Brews That Make You Say "OM"

When Amrit and Chandan Topiwala opened Whip In as a quaint corner store on the access road of I-35 in 1986, neither of them could have forecast it would evolve into the culinary hot spot and beer nerd’s paradise it is today. Early on, when the Topiwalas realized they weren’t selling much gas, they had their tanks and pumps removed. They knew they were, however, making most of their sales in beer. Following suit, they began to carry the craft beers, like Grolsch and Spaten, that had become so desirable to their customers.

Twenty-seven years later, Whip In has grown into a full-fledged gastropub. While they still retail bottles of hard-to-find imported beer, bartenders now pour 72 different brews on tap. And just this summer, Whip In took things to the next level and began brewing their own craft beer in-house.

“Ever since [we opened], the attraction of beer was our mainstay here,” explains Dipak Topiwala, Amrit and Chandan’s son and Whip In’s general manager. “I think it still is. And the idea that we can actually make beer is like an homage to the idea of beer being our god, almost. The things that keep people happy and satisfied.”

Kevin Sykes was a regular customer who started to bring in two to three batches of his own home brew each week to share with the staff. They were so impressed that they brought him on as the head brewer of the newly coined Namaste Brewing. Sykes and the three-member “brew crew” have done a lot of experimenting since the summer, and will have three consistent house brews on tap by winter (plus seasonal special releases).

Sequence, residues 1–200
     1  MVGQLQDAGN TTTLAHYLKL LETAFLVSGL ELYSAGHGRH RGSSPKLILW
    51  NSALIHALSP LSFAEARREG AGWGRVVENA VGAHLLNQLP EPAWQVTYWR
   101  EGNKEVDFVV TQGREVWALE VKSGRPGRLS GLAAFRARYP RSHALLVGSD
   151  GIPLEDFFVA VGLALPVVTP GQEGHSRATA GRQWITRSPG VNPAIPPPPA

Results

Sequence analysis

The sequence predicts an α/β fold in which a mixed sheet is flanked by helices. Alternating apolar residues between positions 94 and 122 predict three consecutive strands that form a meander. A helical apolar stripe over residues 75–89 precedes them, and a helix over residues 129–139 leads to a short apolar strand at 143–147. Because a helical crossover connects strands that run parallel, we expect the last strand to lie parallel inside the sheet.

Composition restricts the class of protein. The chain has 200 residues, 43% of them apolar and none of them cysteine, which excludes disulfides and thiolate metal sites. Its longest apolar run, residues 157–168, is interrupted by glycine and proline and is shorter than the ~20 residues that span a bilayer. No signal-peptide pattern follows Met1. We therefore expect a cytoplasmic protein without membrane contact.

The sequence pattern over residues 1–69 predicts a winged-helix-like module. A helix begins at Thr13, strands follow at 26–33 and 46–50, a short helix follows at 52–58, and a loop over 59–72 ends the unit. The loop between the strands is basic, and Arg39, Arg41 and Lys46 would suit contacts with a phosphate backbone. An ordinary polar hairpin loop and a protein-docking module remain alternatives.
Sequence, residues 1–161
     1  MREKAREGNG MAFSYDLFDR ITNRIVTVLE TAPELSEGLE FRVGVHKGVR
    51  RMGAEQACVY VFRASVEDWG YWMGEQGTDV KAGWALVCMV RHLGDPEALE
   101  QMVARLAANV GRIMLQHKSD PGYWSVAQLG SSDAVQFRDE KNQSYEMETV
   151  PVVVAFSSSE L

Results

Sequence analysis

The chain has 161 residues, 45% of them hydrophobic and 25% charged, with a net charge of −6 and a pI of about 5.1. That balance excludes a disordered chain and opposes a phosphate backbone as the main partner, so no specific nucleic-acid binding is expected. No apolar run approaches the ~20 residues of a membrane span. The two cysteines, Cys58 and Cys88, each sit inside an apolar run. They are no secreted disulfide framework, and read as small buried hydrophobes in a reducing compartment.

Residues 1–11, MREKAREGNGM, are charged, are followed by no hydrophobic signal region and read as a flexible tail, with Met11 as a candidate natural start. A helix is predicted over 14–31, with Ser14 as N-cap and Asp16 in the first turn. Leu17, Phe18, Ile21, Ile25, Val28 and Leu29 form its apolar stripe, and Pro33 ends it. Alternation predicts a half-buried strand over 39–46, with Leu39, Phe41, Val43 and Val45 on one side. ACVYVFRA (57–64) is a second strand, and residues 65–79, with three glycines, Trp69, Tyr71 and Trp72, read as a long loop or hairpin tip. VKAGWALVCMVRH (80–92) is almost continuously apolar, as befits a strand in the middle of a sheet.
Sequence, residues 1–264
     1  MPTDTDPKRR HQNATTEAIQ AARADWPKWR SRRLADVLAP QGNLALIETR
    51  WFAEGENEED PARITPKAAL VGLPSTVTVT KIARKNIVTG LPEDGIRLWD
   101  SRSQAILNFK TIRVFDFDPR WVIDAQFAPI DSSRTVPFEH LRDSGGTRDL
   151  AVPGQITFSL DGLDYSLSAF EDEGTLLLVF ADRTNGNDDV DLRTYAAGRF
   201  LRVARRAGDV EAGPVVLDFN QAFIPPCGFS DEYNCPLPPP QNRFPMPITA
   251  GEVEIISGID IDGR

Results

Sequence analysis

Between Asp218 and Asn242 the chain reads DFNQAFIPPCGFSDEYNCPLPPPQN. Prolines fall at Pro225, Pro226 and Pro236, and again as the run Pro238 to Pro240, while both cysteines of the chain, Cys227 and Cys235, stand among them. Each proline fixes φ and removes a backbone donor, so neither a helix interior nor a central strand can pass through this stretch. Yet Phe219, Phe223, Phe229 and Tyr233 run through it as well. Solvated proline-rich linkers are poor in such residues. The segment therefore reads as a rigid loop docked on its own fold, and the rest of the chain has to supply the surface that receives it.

The Austoner-Weiss is a low-gravity tart wheat beer that changes with the seasons. “It’s the same base beer but it’s not always the same fruit,” explains Sykes. “We’re trying to use whatever’s local, whatever’s in season, to keep it different every time.” In the fall, notes of pears from Engel Farms highlighted the brew, while Hill Country peaches were dominant in the summer.

The Brahmale is a deceivingly 9.5 percent alcohol by volume “postcolonial” India pale ale, dry hopped and enhanced with organic grapefruit peel from the Valley, lemongrass and Good Flow honey. “Originally, we were pairing with the food,” says brew-crew member Arjit Mahapatra. “Because it’s hoppy, Brahmale goes great with the beef and beer chili or anything on the menu that’s spicy.” The Shivastout is made from bourbon-soaked dates, oatmeal and Good Flow honey, and they’re currently fermenting a chai porter with cacao nibs. A Belgian tripel made with rye and rose hips, dubbed Vishnavitripale, will be ready for release by spring.

Sustainability is part of the brewing focus. Whenever possible, the kitchen salvages grains used in brewing by putting them into housemade muffaletta bread, or incorporates fruit used in brewing in a special dessert. The remainder of the used grains help feed the goats at Windy Hill Farm (brew-crew member Ty Wolosin’s family’s farm), and all other organic kitchen scraps are sent to local compost producer Break it Down.

Right now, the crew is turning out between three and six 10-gallon batches each week, with special releases typically running out the same day they are tapped. In the next year, Dipak hopes to purchase more tanks so that they can brew 120 gallons at a time. “We’re truly in the infancy stage of a brewpub. We’re literally getting our feet wet,” Dipak says with a pause. “Well, not anymore, actually…. We all have boots on now…[but we’re] figuring out how to do what we do on a small scale and then hopefully, within the next year or so, we’ll acquire another brewing system where we make more beer. But the ultimate dream is to be able to produce a lot of beer and have a lot of people smile over it.” —Veronica Meewes

Whip In
1950 S. I-35